Overall, there is low alumni participation in veteran-specific employment and education programs. Only about 9 percent of the WWP alumni eligible for the VA Vocational Rehabilitation and Employment Program (VR&E) reported that they are using VR&E benefits, and only about 27 percent of all alumni reported using the Post-9/11 GI Bill.* Alumni who reported amputation, traumatic brain injury (TBI), or severe back, neck, or shoulder problems were slightly more likely to use the VR&E benefits than those who did not report these injury types. Alumni with most types of injuries were equally likely to use Post-9/11 GI Bill benefits, with the exception of alumni with amputation or who screened positive for probable depression. These alumni were less likely to use Post-9/11 GI Bill benefits.


Several topics are presented that may warrant further discussion by WWP staff. These include carefully considering barriers to mental health care when determining strategies for improving mental health and mental health care access, particularly for alumni reporting mental health conditions, female alumni, and younger alumni. Other topics for discussion include considering what interventions and program efforts might be used to promote weight loss among alumni and exploring the issue of overweight and obesity more thoroughly. Finally, the issue of how best to encourage use of education and employment benefits may warrant further consideration.


Calhoun, P. S., J. R. Elter, E. R. Jones Jr., H. Kudler, and K. Straits-Troster, “Hazardous Alcohol Use and Receipt of Risk-Reduction Counseling Among U.S. Veterans of the Wars in Iraq and Afghanistan,” J Clin Psychiatry, Vol. 69, No. 11, November 2008, pp. 1686–1693.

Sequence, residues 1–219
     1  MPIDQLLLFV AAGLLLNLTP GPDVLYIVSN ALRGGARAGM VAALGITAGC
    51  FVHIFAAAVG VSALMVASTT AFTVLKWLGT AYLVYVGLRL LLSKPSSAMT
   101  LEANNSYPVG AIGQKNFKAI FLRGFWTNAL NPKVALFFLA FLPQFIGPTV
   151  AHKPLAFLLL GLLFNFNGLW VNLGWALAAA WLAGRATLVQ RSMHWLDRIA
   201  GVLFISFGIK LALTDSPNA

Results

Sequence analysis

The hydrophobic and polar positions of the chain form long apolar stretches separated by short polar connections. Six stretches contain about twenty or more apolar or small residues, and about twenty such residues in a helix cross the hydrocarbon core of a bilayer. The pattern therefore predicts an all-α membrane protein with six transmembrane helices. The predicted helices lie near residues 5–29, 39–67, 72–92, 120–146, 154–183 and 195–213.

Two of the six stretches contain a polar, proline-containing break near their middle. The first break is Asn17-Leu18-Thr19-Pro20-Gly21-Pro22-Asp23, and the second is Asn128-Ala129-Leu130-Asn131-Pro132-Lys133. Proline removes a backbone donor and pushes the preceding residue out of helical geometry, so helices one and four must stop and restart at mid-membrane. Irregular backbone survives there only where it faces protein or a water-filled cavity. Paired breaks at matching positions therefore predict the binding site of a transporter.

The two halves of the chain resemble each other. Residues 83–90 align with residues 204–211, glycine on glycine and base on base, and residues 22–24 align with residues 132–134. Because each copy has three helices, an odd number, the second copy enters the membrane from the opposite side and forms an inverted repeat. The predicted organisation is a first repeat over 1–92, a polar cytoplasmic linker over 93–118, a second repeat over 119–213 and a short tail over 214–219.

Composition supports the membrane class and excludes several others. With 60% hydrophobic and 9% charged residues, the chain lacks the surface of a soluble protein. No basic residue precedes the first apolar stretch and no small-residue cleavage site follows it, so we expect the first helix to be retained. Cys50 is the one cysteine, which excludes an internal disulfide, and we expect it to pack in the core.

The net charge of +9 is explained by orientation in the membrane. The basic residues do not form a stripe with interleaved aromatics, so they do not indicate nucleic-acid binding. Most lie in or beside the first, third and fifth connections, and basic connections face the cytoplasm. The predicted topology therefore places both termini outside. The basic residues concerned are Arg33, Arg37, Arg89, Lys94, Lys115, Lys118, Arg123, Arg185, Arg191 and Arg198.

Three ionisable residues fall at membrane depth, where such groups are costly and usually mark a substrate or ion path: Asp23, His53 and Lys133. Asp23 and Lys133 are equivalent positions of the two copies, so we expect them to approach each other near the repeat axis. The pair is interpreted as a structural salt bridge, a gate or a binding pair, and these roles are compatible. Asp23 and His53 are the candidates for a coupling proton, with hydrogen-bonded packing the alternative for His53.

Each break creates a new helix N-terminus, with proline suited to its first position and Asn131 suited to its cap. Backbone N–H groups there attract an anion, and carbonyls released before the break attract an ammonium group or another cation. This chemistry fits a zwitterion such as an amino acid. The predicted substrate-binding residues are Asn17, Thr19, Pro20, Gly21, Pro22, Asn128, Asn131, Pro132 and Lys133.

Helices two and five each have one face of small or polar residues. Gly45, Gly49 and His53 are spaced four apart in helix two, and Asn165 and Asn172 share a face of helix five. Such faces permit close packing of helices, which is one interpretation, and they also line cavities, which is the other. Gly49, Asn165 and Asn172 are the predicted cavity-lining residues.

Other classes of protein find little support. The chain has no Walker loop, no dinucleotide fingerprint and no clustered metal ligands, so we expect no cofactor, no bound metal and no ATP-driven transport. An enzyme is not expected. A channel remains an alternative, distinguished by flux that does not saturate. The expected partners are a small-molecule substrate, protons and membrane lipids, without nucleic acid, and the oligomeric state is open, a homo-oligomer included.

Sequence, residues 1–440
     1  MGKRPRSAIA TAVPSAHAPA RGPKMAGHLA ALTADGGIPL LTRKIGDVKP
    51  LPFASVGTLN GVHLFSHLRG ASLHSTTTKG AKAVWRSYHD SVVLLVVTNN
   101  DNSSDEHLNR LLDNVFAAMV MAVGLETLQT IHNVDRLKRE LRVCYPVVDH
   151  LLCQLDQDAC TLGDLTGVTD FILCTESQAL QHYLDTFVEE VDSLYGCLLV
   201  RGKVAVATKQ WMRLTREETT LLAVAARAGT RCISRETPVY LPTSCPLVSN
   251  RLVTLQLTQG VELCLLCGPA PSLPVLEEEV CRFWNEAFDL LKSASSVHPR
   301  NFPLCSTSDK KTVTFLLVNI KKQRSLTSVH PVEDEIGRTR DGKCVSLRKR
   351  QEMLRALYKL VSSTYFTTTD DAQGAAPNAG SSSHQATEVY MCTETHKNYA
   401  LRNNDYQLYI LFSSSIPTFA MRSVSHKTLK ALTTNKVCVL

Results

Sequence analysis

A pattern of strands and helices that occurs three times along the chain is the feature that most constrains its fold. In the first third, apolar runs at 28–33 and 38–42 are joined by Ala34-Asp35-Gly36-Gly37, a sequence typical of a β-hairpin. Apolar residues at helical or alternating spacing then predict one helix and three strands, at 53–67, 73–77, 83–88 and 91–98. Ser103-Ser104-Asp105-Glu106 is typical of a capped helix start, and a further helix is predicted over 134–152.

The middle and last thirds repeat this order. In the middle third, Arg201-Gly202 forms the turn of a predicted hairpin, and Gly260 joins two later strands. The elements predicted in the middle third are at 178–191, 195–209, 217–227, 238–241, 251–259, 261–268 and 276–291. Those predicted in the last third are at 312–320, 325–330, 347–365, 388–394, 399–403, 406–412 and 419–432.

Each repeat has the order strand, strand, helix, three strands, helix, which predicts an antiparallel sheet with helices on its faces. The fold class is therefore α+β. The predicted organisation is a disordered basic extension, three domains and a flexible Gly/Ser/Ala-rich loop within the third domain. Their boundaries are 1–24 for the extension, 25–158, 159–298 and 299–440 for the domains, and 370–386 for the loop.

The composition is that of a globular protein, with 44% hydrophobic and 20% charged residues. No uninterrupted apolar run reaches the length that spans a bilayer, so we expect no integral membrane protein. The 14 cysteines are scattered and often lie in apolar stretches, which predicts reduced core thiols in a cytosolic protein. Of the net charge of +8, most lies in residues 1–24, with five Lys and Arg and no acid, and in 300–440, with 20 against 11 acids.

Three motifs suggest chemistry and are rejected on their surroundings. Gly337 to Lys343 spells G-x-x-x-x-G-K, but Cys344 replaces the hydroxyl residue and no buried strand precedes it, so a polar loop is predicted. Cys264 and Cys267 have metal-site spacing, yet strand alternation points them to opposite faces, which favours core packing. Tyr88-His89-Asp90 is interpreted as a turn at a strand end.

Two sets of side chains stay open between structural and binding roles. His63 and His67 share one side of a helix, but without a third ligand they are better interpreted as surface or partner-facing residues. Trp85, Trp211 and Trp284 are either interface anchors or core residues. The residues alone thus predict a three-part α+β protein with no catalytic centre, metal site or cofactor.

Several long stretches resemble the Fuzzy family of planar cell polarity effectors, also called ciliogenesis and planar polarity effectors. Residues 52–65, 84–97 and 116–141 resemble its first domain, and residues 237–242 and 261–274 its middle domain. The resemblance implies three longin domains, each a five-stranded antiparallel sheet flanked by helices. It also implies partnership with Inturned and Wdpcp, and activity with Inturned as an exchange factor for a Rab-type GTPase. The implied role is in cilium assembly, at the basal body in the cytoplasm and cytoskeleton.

Ogden, C. L., M. D. Carroll, B. K. Kit, and K. M. Flegal, “Prevalence of Obesity in the United States, 2009–2010,” U.S. Department of Health and Human Services, Centers for Disease Control and Prevention, National Center for Health Statistics Data Brief, No. 82, January 2012. As of November 1, 2013:

Tanielian, T., and L. H. Jaycox, eds., Invisible Wounds of War: Psychological and Cognitive Injuries, Their Consequences, and Services to Assist Recovery, Santa Monica, Calif.: RAND Corporation, MG-720-CCF, 2008. As of April 11, 2014:


* Only VR&E-eligible alumni, who are defined here as the alumni with a VA disability rating of 10 percent or more, are included in the VR&E use analysis. Alumni with a pending VA rating, no VA rating, or with a VA rating of 0 are excluded. Seventy percent of the total sample (67 percent of the alumni), 9,833 respondents, are eligible for VR&E.

The research described in this article was sponsored by the Wounded Warrior Project and conducted within the Forces and Resources Policy Center of the RAND National Security Research Division.

RAND Health Quarterly is produced by the RAND Corporation. ISSN 2162-8254.